By Nonie Arora

Brain scans of various disorders of consciousness. Credit: Wiki Commons

Can we be certain whether a patient is minimally conscious or in a persistent vegetative state?

What kinds of rights do minimally conscious patients have?

How should minimally conscious patients be treated?

Scientists, ethicists, lawyers and physicians asked these questions at the Finding Consciousness workshop at Duke in January 2013.

Recently, neuroscientists have devised methods to detect consciousness in patients with severe brain injury who may not appear to be aware of themselves and others. But as the science develops so do new ethical dilemmas.

Patients with severe brain injury are often written off, despite growing scientific evidence of potential improvement, said Joseph Fins  from Cornell University. Fins gave the annual Nancy Weaver Emerson Lecture sponsored by the Trent Center for Bioethics, Humanities & History of Medicine as part of the workshop, and he focused on the application of neuroethics to the minimally conscious state.

Fins believes that family members of patients are often forced to make decisions about withholding or withdrawing care without complete, understandable information. They are compelled to consider organ donation, even prematurely. In his work, Fins interviews family members of brain injury patients. In one conversation, a mother of a patient described an interaction with a neurologist who called the patient “basically an organ donor now” and said, “He doesn’t have the reflexes of a frog.”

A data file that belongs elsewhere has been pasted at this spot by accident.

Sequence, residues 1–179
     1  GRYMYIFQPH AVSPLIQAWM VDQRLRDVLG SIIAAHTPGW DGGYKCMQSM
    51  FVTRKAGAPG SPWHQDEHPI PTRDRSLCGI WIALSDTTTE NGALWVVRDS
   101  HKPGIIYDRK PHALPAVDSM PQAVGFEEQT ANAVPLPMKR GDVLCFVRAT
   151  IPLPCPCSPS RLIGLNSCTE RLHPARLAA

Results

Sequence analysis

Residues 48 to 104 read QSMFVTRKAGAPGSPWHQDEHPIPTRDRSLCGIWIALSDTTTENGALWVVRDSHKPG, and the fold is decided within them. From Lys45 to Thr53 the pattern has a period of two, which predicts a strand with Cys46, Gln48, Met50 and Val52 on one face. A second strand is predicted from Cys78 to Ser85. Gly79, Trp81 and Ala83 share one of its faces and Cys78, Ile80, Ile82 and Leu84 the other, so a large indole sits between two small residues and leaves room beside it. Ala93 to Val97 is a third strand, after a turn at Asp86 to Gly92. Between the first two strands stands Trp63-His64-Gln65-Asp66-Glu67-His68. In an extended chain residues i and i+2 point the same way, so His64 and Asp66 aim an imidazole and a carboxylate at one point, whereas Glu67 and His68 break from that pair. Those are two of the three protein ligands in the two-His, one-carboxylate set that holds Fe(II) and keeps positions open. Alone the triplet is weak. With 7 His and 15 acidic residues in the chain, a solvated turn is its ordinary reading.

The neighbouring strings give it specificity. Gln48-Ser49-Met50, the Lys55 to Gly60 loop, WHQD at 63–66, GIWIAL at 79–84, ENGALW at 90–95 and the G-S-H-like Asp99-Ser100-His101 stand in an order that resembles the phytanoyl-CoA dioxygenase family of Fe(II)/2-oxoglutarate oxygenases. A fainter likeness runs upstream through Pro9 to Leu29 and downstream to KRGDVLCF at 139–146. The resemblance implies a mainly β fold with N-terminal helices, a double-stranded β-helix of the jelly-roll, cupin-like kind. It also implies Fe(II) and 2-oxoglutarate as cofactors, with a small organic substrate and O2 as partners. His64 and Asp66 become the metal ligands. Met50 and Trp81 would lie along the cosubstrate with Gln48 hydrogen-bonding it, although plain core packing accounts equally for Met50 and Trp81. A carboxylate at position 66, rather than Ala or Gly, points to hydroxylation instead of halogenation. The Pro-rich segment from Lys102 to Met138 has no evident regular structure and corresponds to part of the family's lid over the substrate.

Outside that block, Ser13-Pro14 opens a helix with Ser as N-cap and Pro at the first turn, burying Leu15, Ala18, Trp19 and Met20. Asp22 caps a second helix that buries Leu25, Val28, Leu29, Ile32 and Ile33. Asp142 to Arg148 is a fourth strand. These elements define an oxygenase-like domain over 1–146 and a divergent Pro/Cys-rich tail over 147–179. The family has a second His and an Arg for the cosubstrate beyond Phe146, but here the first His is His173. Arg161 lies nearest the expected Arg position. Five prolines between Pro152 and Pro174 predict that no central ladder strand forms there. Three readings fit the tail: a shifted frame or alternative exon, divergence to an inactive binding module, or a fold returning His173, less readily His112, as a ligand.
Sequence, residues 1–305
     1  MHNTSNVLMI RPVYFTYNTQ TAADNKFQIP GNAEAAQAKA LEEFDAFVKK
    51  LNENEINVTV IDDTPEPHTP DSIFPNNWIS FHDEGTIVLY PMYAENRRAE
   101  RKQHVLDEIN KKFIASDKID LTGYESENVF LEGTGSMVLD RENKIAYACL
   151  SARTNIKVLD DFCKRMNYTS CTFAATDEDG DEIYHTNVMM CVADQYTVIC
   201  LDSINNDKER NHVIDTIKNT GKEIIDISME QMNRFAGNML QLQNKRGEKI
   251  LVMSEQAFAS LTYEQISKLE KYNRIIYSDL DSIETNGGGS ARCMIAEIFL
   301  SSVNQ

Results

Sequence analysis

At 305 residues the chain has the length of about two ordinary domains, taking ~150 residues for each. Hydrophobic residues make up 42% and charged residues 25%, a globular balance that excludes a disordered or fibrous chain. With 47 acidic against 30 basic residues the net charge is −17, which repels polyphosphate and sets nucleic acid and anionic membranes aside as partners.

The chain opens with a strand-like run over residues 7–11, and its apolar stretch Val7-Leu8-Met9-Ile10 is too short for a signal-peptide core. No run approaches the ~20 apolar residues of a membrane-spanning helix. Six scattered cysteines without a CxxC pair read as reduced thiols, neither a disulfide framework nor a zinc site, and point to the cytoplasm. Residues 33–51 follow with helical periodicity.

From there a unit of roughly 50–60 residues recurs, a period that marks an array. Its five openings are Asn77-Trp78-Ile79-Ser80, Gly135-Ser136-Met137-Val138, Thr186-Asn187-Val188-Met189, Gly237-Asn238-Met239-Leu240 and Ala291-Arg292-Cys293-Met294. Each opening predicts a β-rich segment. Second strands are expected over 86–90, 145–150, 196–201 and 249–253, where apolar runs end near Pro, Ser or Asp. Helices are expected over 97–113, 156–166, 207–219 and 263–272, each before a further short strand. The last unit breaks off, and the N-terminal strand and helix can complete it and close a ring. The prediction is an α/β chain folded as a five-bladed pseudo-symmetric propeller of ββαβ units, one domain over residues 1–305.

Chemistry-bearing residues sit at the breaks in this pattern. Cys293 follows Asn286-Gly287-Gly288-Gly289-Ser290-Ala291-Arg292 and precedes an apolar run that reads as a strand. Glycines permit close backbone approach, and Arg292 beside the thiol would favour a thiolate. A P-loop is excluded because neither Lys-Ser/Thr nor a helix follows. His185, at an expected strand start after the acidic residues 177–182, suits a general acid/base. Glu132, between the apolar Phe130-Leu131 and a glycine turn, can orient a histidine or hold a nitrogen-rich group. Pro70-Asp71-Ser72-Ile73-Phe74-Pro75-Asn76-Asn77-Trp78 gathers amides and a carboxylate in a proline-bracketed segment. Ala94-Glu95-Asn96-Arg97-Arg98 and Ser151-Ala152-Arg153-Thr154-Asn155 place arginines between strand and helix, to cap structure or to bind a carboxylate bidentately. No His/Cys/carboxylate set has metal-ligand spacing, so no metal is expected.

Then, the neurologist urged the mother to consider organ donation — all within 72 hours of the injury. Fins called for patients and family members to be treated with more sensitivity and respect.

Jeremy Fins. Credit: Trent Center for Bioethics, Humanities, and History of Medicine

The vegetative state has been seen as medical futility, and the paradigm was “once you’re vegetative, you’re done,” Fins said. However, physicians in the field have begun to see families and patients who have looked vegetative, but then suddenly showed some level of response to stimulus.

While some patients become permanently vegetative, others can become minimally conscious, Fins said, referencing a study where about 40 percent of patients who were diagnosed as vegetative were actually minimally conscious.

“This is unconscionable, but that’s where we are,” he said, adding that much of the disparity could come from disinterest, neglect and marginalization of these patients. People would not accept this level of misdiagnosis in cancer or diabetes care, he said.

It is our obligation to give voice to minimally conscious patients as a basic civil right, Fins said, especially as better methods of identifying these patients and stimulating recovery are likely to come in the future.